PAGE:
Transducer element 32 is mounted within hollow portion 14 of housing 12 so that it can be rotated about a radial axis of magnet 34. Although preferred transducer 10 scans a sector, alternate embodiments of the present invention scan arcs and cross-sectional rectangles within the specimen. The pointed ends of shafts 38 are pressed into the edges of magnet 34 at points that are 180° apart, so that lens 36, transducer element 32, and magnet 34 can rotate about shafts 38. Shafts 38 are electrically connected to transducer element 32 so that electrical pulses can be supplied to transducer element 32 and transmitted from transducer element 32 to other circuits that are described below. Shafts 38 can be tapered copper rods and can be rotatably supported by bearing supports 40 and 42. Bearing supports 40 and 42 are constructed of 0.025 inch brass and include carbon block bearings 44 and 46, respectively, that compressively contain shafts 38. Bearings 44 and 46 are pressed into holes in supports 40 and 42 and have conical holes drilled therein to accept shafts 38. Bearings 44 and 46 can be the center terminal and contained carbon rods of penlite AA-size dry cells with the rods cut short. Bearing support 40 is the return for the circuits communicating electrically with transducer element 32 and bearing support 42 is the "hot" input to and output from transducer element 32 therefor. Electrostatic shield 48 completely shields support 42 from external electrical noise, such as that generated by fluorescent lights and radio stations and, therefore, prevents artifacts from appearing in the displayed image. Shield 48 can be soldered to side plate 84, the ends of which are soldered to armature legs 56 and 58. Shield 48 and side plate 84 can be formed from 0.025 inch brass.
Bearing supports 40 and 42 are secured at their lower ends to solid portion 16 in any suitable fashion, such as by passing wires 66 and 68 through holes 70 and 72, respectively of circuit board 74 and then soldering wires 66 and 68 to supports 40 and 42 at points 76 and 78, respectively. Electric coil 82 extends through opening 80 of circuit board 74. Coil 82 is wound on armature 60 which includes legs 56 and 58 that extend to opposite sides of transducer assembly 64. Preferably, coil 82 includes 840 turns of #34 gauge magnet wire such as Phelps-Dodge PTZ grade magnet wire.
Preferably, top half 110 of magnet 34 is the "north" half thereof and bottom half 112 is the "south" half. When coil 82 is energized by direct current, legs 56 and 58 create a magnetic field which causes transducer assembly 64 to pivot about shafts 38 in a direction that depends on the polarity of the voltage applied to coil 82. Specifically, when leg 58 of armature 60 is "north" and leg 56 is "south", transducer assembly 64 rotates so that "north" half 110 of magnet 34 moves closer to leg 56. Similarly, when leg 56 is "north" and leg 58 is "south", "north" half 110 moves closer to leg 58. Accordingly, if the polarity of the voltage applied to coil 82 is continually reversed, transducer assembly 64 will rock about the radial axis of transducer element 32. Armature 60 is constructed of 0.040 inch cold-rolled steel. Coil 82 is insulated electrically from armature 60 by teflon tape, such as that sold by 3M-Company.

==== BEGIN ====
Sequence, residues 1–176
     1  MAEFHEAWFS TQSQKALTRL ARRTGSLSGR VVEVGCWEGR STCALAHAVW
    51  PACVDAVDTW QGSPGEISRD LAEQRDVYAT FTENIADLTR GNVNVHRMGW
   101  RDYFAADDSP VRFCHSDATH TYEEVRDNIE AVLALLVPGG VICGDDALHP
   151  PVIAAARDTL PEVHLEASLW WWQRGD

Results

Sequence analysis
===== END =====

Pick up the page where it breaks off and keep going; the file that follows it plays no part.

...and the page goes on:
Pole extensions 88 can be suitably secured to upper ends 90 of armature legs 56 and 58. Pole extensions 88 are anti-cogging devices for armature 60. Extensions 88 can be shaped and positioned to cause the velocity of the transducer assembly 64 to be more nearly constant. Preferably, extensions 88 are shaped as those shown in FIGS. 1 and 2 and are constructed of 0.010 inch tin plated steel.
Drive circuit 86 is mounted on board 74. Preferably, drive circuit 86 is a printed circuit fabricated on a fiberglass-epoxy board and is a single integrated circuit. Board 74 should be joined to armature 60 to further stabilize those components within housing 12. Cable 102 is secured to board 74 with a conventional strain relief clamp 75. Circuit 86 continually reverses the polarity of the voltage applied to coil 82, thereby continually reversing the direction of rotation of transducer assembly 64.
Reed switches 92 and 94 are positioned to one side of transducer assembly 64. Reed switches 92 and 94 are positioned such that one of switches 92 and 94 closes each time transducer assembly 64 passes close thereto. Alternately, hall effect or optical switches having receivers 903 and 904, first transmitter 905 and a second transmitter (not shown), (not shown) can be used in place of reed switches 92 and 94. Hall effect switches 901 and 902 are shown in FIGS. 10 and 11. Optical switch receivers 903 and 904 and transmitter 905 are shown in FIGS. 12 and 13. Each time a switch 92 or 94 closes, it causes circuit 86 to reverse the polarity of the voltage applied to coil 82. Accordingly, transducer assembly 64 is confined to rotating between the limits defined by the location of switches 92 and 94.